Almost exactly a year ago, AMD released a graphics card that required more explaining than most, because it just wasn’t clear to everyone from the get-go who it was designed for. Part of that confusion owes its thanks to the fact that the card sported the Radeon name, and not to mention aesthetics of a high-end gaming GPU. Ultimately, AMD’s Radeon Pro Duo was designed to serve a similar purpose as NVIDIA’s TITAN X – it’s a GPU built for content creators, but one that has the horsepower to deliver top-end gaming experiences.
Well, whereas the original Pro Duo left some folks confused, AMD made sure that its second iteration wouldn’t. Just take a look:
The latest Pro Duo is a workstation card through-and-through. It sports the same overall look and design as the company’s other Radeon Pro cards, with the sharp blue color being the most obvious tip-off.
“Duo” isn’t just a name; this card is in effect two Radeon Pro WX 7100s put together. A single WX 7100 alone is an impressive piece of hardware, especially since it’s a single-slot design. This Pro Duo is a dual-slot design, as would be expected, and delivers a total of 11.45 TFLOPs of single-precision compute performance. By contrast, last year’s Pro Duo peaked at 16.3 TFLOPs, so if you still have one of those, you’re not exactly lacking.
It’s a bit odd to see a new model come out that’s slower than the last one, but for a handful of reasons, this latest iteration is much improved over the last one. The previous Pro Duo used HBM, which meant that the memory configuration was expensive, and lacking, at a meager 8GB. Meanwhile, the latest Pro Duo increases the framebuffer size by 4x, to 32GB of “ultra-fast” GDDR5 (a bandwidth spec hasn’t been provided).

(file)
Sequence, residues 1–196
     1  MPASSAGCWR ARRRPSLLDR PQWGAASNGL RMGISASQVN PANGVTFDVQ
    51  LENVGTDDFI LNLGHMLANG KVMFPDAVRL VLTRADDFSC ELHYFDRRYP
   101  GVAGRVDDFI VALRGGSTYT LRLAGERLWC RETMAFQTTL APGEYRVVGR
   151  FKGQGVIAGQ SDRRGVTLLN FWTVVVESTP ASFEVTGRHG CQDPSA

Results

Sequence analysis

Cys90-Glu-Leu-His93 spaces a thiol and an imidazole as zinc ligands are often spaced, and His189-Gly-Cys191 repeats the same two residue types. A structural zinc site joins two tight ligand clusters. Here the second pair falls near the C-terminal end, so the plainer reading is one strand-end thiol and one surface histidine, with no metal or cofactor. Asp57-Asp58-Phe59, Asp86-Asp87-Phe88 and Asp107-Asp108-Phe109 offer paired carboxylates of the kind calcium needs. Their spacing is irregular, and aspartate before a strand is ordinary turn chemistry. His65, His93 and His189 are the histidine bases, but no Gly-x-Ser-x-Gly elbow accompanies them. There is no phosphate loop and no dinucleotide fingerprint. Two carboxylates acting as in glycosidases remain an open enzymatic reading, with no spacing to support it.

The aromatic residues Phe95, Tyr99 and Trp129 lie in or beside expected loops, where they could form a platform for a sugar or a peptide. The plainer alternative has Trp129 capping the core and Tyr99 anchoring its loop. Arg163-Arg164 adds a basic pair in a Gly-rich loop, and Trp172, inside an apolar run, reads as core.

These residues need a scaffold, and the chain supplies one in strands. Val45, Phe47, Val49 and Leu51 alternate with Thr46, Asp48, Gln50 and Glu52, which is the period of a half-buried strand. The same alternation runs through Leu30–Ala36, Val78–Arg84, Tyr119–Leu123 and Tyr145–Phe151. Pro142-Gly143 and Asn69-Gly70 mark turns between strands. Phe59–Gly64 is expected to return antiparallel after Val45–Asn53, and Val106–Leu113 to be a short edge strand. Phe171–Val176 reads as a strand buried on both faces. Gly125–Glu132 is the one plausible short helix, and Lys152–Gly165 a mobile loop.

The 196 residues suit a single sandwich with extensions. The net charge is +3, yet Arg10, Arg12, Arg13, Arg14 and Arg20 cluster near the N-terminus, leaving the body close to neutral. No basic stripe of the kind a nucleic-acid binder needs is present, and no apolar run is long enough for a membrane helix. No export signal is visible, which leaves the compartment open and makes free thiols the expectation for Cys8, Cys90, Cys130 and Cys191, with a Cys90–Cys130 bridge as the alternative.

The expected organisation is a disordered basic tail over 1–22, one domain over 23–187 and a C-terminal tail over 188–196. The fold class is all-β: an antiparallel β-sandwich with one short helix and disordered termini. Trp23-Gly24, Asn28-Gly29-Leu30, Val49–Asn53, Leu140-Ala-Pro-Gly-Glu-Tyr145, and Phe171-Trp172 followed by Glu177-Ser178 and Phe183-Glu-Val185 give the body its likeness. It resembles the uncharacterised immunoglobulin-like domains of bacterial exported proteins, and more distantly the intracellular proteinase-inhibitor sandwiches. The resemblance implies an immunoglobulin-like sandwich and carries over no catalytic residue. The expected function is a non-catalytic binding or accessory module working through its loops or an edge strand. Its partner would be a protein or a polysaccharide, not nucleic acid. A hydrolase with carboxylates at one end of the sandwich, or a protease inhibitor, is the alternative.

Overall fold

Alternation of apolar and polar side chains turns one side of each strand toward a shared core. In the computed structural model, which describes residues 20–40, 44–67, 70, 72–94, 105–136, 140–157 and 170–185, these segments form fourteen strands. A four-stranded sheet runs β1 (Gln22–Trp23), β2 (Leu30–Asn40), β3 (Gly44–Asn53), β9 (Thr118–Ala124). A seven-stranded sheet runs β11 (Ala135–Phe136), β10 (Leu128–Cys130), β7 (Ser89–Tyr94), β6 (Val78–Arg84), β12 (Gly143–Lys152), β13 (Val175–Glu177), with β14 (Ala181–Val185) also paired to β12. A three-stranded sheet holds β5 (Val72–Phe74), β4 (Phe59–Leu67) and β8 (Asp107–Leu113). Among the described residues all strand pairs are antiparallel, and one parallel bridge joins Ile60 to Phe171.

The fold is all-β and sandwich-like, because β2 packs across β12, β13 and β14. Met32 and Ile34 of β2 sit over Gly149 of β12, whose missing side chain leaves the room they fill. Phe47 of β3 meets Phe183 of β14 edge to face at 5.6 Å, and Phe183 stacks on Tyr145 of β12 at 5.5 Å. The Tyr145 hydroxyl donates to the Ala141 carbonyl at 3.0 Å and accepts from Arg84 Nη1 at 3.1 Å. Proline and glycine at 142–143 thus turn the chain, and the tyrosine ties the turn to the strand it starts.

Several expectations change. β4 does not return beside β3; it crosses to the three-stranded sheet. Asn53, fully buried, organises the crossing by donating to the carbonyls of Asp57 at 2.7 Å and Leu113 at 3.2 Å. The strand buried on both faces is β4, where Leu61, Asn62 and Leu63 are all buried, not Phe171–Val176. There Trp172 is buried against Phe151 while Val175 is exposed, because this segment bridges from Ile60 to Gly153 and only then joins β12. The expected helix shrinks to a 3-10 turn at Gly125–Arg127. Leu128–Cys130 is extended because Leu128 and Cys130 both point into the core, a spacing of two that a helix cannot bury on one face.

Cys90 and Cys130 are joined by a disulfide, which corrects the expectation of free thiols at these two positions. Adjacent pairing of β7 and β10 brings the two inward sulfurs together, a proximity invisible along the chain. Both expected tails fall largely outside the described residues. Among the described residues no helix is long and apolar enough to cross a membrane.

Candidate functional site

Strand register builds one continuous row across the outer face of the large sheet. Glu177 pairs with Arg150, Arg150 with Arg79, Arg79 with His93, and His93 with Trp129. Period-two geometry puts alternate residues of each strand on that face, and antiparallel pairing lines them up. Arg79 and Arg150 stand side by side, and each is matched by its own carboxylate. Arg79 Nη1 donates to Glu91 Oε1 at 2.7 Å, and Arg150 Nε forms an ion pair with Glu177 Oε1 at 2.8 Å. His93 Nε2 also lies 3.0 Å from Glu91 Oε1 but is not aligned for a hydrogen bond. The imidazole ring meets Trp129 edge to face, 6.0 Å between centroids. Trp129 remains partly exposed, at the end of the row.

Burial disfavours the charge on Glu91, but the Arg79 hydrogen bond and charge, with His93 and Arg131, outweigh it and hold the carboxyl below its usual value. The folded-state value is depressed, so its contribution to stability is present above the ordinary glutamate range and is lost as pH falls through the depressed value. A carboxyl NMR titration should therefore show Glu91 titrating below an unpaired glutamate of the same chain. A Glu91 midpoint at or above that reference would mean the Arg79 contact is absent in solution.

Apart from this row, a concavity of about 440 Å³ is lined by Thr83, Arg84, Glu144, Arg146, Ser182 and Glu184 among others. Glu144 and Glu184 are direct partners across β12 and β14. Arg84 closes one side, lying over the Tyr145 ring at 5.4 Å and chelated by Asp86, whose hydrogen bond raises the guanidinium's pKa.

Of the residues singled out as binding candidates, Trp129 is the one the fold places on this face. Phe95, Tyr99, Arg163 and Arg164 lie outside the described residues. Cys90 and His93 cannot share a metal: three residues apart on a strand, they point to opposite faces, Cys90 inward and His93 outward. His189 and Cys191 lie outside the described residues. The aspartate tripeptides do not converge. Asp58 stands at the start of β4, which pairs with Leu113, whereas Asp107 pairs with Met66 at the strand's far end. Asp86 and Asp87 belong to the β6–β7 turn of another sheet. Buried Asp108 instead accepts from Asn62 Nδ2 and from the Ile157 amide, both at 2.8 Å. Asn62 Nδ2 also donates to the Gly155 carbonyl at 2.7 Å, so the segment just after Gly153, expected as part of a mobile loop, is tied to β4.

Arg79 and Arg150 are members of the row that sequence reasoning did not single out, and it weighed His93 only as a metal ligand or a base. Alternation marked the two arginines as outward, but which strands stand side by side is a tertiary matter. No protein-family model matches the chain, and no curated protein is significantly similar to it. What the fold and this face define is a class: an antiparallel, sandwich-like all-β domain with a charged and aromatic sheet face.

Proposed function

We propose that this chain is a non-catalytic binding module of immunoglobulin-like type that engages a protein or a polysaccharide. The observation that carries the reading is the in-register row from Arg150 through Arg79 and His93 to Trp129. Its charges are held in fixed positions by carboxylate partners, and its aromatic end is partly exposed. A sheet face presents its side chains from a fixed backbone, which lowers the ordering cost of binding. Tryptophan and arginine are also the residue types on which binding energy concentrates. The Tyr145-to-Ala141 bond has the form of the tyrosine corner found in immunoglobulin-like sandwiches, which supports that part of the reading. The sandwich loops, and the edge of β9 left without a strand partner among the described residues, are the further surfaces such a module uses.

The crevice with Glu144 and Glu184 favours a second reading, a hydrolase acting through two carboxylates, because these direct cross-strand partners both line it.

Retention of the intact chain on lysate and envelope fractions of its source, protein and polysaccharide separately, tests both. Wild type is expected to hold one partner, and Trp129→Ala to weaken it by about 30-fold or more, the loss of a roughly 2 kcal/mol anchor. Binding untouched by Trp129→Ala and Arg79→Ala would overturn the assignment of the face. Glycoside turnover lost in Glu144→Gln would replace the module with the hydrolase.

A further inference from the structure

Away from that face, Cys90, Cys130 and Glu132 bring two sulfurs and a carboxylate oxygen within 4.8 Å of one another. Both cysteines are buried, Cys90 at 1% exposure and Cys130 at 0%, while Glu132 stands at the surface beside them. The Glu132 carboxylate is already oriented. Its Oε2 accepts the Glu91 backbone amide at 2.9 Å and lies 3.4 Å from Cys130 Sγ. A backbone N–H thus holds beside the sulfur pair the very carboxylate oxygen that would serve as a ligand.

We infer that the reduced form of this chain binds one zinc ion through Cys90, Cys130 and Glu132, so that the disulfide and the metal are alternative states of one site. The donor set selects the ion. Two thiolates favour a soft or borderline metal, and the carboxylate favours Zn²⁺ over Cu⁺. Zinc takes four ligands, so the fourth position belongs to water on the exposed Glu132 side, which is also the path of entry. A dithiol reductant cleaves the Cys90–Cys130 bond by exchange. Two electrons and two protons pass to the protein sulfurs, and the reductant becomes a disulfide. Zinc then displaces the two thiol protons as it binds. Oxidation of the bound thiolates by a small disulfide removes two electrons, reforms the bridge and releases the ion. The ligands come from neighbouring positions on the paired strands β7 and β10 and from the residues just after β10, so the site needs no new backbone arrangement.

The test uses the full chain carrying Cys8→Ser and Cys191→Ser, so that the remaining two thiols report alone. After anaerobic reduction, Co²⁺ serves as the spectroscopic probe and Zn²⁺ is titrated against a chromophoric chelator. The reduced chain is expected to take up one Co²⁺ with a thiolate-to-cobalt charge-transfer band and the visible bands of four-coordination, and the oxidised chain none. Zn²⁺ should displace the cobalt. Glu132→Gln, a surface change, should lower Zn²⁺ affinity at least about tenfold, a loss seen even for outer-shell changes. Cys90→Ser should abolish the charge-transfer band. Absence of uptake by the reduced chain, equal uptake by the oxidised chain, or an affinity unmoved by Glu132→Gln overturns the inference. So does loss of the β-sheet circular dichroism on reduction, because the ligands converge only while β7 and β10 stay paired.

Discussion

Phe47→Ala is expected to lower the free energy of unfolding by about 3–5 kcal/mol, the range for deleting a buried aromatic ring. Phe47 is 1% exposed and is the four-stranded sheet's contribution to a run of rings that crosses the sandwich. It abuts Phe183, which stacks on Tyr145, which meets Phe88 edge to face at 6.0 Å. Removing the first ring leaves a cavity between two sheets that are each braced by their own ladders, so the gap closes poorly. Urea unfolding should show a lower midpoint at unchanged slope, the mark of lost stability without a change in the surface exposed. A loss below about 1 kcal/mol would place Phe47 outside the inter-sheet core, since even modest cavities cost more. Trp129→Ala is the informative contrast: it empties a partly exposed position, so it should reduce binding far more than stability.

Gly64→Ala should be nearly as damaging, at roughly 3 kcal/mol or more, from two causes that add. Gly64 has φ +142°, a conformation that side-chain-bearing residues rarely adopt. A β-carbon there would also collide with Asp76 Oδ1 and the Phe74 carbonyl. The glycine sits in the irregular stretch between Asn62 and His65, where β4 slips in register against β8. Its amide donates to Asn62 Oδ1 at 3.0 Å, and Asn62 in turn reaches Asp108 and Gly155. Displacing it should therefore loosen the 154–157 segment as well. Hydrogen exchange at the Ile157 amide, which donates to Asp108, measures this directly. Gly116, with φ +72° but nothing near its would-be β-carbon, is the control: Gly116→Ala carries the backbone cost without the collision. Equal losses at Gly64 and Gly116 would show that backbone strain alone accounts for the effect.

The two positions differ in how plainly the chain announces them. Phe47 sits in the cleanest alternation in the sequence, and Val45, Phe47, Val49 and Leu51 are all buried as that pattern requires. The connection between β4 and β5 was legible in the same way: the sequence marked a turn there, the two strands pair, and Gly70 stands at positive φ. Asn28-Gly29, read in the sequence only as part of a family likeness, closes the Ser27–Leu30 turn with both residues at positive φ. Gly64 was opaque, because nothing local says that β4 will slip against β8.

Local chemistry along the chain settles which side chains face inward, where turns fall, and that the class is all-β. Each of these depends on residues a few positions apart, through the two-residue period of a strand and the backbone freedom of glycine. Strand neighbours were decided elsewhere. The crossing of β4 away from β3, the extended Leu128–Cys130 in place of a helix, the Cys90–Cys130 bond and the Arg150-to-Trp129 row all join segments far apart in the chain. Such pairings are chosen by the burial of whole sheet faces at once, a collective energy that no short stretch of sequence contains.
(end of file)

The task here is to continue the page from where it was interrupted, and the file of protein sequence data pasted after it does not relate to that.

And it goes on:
Also worth mentioning is that this new Pro Duo has a TDP 100W less than the old one, which allowed AMD to use an 8+6-pin power configuration in lieu of last-gen’s 8+8+8-pin (yes, three). Another huge perk: there’s no longer a need for an external liquid-cooled solution, making this latest card a lot easier to install and manage.
Here’s a quick comparison of AMD’s current Radeon Pro cards:
|AMD Radeon Pro Series||Performance||Clock||Cores||Memory||Length||Power|
|Pro Duo (2017)||11.45 TFLOPs||TBD||TBD||32768MB||TBD||<250W|
|WX 7100||5.7 TFLOPs||1243MHz||2304||8192MB||9.5″||<130W|
|WX 5100||3.9 TFLOPs||1086MHz||1792||8192MB||6.8″||<75W|
|WX 4100||2.4 TFLOPs||1201MHz||1024||4096MB||6.6″ (LP)||<50W|
Let’s do some quick math. If the WX 7100 costs $799 for its 5.7 TFLOPS, and the Pro Duo costs $200 more for twice that, what does that equal? A damn good deal, that’s what. I would have expected this card to cost more than $1,200, so I am pleasantly surprised to see AMD keep it to $1,000 (or one dollar less, if we’re going to be that trivial).
It’s worth mentioning that NVIDIA’s top-end Quadro P6000 boasts performance of 11.75 TFLOPS at peak, but it costs five times as much as this Pro Duo. NVIDIA’s card is going to be faster in some scenarios (the company’s R&D and driver teams make sure of that), but it’s not going to be faster in all cases. It’s impossible to not be impressed with the value proposition here. The latest Pro Duo is a creative workhorse at a great price. Color me impressed.